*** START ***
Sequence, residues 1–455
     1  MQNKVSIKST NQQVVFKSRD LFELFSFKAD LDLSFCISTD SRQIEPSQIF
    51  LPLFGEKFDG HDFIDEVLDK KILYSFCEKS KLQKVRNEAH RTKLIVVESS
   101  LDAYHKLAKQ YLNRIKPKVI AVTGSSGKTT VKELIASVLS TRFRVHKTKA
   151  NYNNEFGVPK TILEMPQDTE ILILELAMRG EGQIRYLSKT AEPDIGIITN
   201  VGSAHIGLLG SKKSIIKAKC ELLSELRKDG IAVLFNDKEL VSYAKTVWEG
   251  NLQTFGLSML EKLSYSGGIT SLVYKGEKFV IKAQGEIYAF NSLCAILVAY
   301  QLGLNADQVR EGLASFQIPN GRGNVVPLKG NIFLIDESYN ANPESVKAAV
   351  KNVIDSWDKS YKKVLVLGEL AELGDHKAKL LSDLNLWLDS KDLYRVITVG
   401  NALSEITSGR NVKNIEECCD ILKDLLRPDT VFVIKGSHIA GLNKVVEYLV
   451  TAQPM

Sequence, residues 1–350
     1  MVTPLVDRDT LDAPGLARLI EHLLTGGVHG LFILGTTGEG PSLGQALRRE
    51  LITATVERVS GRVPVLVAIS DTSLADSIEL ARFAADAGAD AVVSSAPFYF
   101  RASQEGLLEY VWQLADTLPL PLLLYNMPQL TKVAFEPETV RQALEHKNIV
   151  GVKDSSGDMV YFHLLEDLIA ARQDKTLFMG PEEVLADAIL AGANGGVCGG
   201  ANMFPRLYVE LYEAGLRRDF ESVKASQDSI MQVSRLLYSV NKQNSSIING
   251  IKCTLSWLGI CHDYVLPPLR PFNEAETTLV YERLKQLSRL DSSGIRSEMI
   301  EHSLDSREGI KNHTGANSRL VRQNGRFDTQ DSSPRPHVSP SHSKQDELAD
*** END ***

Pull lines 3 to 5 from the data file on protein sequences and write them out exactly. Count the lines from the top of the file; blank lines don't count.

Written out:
    51  LPLFGEKFDG HDFIDEVLDK KILYSFCEKS KLQKVRNEAH RTKLIVVESS
   101  LDAYHKLAKQ YLNRIKPKVI AVTGSSGKTT VKELIASVLS TRFRVHKTKA
   151  NYNNEFGVPK TILEMPQDTE ILILELAMRG EGQIRYLSKT AEPDIGIITN